Regional organic carbon stock variability: A comparison between depth increments and soil horizons

Erik Grüneberg, Ingo Schöning, Elisabeth K.V. Kalko, Wolfgang W. Weisser

Research output: Contribution to journalArticlepeer-review

77 Scopus citations


Soil organic carbon (OC) stocks are highly variable in space. This study aimed at analysing regional soil OC stock variability with direct measurements of OC stocks at 89 sampling points distributed across a forested area (160 km- 2) of the Hainich region in Thuringia/Germany. We sampled complete soil profiles by horizons and depth increments. The major goal of this study was the analysis of regional OC stocks. Soils of our study area were classified as Cambisols, Luvisols and Stagnosols. The averaged total OC stocks of the solum ranged from 7.4 kg m- 2 in Luvisols to 10.3 kg m- 2 in Cambisols, but the analysis of variance revealed no significant differences among the soil groups. In contrast, significant differences in A and B horizon OC stocks of soil groups could be detected. This was not the case, when depth increments instead of soil horizons were studied. Our results implied that sampling by depth increments is favourable for the detection of regional OC stocks and that sampling by soil horizons should be used for the study of pedogenic processes which control OC stocks in soil. Differences in OC stocks among soil groups are more pronounced if horizons are considered, which shows that mixing of soil horizons by fixed depth increments destroy important pedogenetical information. A stepwise multiple regression exposed horizon thickness as the most important factor affecting OC stocks in soil horizons. This has major implications for detection of changes in carbon stock, since the variability of regional OC stocks is less controlled by OC concentration and bulk density rather than by soil horizon thickness. To detect differences smaller than 10% of regional OC stocks one would need more than 300 A horizon samples. If 0-10 cm increments were sampled, less than 100 samples would be sufficient to detect the same difference.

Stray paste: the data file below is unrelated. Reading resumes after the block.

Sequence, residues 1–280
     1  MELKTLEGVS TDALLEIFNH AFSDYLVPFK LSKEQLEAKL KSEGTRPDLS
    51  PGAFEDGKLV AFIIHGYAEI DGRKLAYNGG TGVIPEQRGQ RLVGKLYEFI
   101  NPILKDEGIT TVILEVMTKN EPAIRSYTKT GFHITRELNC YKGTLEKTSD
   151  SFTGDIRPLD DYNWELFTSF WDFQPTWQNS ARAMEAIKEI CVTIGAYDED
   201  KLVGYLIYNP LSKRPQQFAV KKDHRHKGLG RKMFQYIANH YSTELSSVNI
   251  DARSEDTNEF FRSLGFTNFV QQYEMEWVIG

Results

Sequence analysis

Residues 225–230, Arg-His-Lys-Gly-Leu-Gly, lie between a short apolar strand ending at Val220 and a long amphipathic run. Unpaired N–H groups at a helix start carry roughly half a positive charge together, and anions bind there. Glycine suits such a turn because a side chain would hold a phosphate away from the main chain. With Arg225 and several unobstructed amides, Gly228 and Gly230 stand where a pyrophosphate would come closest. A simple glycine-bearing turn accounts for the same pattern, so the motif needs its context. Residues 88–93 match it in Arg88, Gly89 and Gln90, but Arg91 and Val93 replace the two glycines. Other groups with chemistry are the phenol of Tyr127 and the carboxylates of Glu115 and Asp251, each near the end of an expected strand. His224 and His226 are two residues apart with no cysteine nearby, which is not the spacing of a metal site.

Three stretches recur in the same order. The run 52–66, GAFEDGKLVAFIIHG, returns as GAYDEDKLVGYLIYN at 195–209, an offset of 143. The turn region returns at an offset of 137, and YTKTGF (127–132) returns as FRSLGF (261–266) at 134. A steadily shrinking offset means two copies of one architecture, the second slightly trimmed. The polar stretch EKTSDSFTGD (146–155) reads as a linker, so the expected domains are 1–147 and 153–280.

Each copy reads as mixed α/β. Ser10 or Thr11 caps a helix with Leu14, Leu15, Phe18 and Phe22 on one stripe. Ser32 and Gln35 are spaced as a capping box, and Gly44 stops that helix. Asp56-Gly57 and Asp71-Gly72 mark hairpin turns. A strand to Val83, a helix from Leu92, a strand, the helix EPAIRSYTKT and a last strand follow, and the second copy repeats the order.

Original languageEnglish
Pages (from-to)426-433
Number of pages8
Issue number3-4
StatePublished - 15 Mar 2010
Externally publishedYes


  • Carbon storage
  • Minimum detectable difference
  • Regional scale
  • Soil organic matter
  • Soil sampling
  • Soil type


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